Robert Earl & Me
I officially fell in love with music beneath the bright fluorescent lights of a Hastings record store back in the days when cassette tapes and CD's still battled for shelf space. The year was 1993 and the store had a display of music set up with a bank of headphones.
I'd grown up listing to music, mostly country because I did come into this world in rural Texas, but yes rock, jazz, punk, zydeco, rockabilly, folk, and all other manner of assorted labels of bands did and do speak to me. But I don’t think I had matured enough to stop and truly listen to music and put it all together until that day in Hastings, when I stepped up to that promotional rack of new country releases.
Wynona, maybe Marty Stuart, Brooks and Dunn and possibly a Garth Brooks release made up most of the offerings. I can't remember for sure. Mark Chesnutt might have been in the mix, but what I can tell you, is there was one, and only one artist on that promotional end-cap that I'd never heard of.
The cover of the CD was pretty cool … A meadow dotted with wildflowers, a man on horseback seemingly trying to lead a young pony off to who knows where?
The title of the album, “Bigger Piece of Sky” sat in the center of a circle, cross-hairs actually, liked the view of a rifle scope. In big, bright letters the name of the artist spoke to me – ROBERT EARL KEEN.
His name rolled off my tongue. I slipped the offered headphones on and clichéd as it sounds, there in that store, in that moment, my life changed.
Personal revelation. Public revolution. Complete rejuvenation.
It took all of thirty minutes, thirty-nine seconds and I was born again.
I'd been raised on country music, but the genre was changing even if I had yet to realize it. The pop versus traditional battle was already an old one, but the change was bigger than that and like much of music that war is a subjective one.
Odd thing is, my first gut reaction to Robert Earl was not love but, dismay. Standing there surrounded by glass and plastic and rack upon rack of merchandise. I wondered, How the hell did this guy get a record deal with a voice like that?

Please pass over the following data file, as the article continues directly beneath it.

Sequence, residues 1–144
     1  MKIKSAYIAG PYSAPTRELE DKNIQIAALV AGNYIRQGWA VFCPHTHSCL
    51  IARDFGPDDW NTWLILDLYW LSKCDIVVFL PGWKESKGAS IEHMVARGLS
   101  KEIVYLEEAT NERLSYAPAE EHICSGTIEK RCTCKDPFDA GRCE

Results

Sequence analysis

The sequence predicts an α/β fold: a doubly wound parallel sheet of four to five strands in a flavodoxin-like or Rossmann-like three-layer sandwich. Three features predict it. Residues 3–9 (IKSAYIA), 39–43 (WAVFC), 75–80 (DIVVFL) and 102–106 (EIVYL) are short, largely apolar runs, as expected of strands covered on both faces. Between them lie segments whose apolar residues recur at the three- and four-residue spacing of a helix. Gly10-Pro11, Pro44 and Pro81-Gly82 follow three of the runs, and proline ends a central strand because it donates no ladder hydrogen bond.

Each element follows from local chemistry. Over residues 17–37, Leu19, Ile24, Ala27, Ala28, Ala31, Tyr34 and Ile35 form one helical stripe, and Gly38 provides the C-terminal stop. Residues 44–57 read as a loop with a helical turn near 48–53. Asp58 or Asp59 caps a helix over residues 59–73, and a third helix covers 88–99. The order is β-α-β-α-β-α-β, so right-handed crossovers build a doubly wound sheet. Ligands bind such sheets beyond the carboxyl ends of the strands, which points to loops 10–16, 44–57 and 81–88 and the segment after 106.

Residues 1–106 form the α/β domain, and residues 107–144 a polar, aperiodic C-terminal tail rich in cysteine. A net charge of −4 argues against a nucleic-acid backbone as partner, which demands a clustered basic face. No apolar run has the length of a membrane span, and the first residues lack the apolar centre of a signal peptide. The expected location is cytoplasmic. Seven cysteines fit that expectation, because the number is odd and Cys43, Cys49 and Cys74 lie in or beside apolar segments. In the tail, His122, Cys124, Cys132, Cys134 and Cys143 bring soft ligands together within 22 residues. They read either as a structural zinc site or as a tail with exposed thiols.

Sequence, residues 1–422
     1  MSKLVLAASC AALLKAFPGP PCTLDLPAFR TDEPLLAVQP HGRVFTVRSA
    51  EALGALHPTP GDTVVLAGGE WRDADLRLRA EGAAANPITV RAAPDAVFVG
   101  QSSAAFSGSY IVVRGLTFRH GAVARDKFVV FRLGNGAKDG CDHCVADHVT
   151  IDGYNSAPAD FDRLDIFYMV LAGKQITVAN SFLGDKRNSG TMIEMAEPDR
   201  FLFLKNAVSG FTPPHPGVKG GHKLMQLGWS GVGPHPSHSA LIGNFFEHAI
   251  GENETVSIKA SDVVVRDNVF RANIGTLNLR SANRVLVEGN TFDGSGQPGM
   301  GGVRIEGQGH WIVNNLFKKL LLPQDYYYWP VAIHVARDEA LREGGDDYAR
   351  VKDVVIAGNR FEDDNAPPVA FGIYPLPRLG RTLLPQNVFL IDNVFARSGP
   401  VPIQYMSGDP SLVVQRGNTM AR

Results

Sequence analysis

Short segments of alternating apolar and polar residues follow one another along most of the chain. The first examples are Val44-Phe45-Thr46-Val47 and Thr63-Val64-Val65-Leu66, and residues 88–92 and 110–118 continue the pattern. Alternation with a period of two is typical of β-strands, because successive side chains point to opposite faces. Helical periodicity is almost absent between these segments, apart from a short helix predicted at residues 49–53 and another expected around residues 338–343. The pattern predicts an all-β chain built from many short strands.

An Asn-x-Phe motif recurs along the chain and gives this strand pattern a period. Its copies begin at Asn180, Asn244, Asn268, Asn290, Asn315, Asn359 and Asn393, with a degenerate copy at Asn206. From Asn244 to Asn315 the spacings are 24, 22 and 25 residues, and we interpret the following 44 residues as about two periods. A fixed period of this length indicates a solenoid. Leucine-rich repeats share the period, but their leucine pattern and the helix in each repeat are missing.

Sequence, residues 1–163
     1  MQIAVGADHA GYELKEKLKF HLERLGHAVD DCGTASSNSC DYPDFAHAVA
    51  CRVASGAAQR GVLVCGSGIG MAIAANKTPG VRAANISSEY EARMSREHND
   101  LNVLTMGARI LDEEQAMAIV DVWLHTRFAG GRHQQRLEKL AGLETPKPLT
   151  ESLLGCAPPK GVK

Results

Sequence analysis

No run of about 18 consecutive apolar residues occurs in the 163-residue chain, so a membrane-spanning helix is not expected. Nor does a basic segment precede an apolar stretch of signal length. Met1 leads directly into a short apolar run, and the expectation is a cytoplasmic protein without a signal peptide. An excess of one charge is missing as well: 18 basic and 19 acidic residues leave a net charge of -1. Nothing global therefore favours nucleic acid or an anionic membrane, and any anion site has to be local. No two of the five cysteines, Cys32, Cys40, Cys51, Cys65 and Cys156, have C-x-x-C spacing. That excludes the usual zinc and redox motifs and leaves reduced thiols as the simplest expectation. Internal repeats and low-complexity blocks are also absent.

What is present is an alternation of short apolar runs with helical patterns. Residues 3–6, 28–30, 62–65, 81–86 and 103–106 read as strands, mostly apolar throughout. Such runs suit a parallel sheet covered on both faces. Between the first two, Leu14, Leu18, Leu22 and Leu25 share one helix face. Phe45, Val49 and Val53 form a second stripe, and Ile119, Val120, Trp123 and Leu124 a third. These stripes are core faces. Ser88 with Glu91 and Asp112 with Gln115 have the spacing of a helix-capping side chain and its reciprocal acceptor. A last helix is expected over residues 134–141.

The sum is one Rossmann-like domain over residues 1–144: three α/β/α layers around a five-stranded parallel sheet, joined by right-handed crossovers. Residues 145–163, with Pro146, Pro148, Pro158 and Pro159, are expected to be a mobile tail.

But rough and unpolished as it was, that voice struck me with the force of a shotgun blast. The grit, the emotion of songs like When Kindness Fails, Blow You Away, and Here In Arkansas all made me feel something. Something real.
I felt that mattress, the lump, made by that 20 gauge pump. I was blown away.
My love of Texas Country was born. I know all about the guys that came before, Willie's exodus from Nashville, the influence of Texas songwriters like Shaver, Guy Clark, and Townes. Jerry Jeff and Ray Wylie.
But I discovered most of those guys after the fact, through Robert Earl Keen. I found Charlie Robison, Cory Morrow and Chris Knight while searching for that same honest emotion I found in Robert Earl's songs. I first heard Reckless Kelly opening up for Keen, back when the latter was touring Texas in a beat up old Winnebago with a worn out U-Haul hitched to the bumper.
I've seen the Texas music landscape change, blossom. Dedicated radio stations. Hundreds of venues. Websites. Magazines. The threat to Nashville so real they manufactured up “Bro Country” in a desperate attempt to capture some of the magic happening in the Lone Star State. As usual they missed badly.
Great music is not made, it's born. Forged by the fornication of knowing what you want to say, and having the courage to say it.
The best of music is about emotion, not manufactured commotion.
I learned that better than two decades ago. Standing beneath bright fluorescent lights listening to a man who'd gotten a record deal, why? Because he had something worthwhile to say and thank God there are still people eager to listen to these honest voices.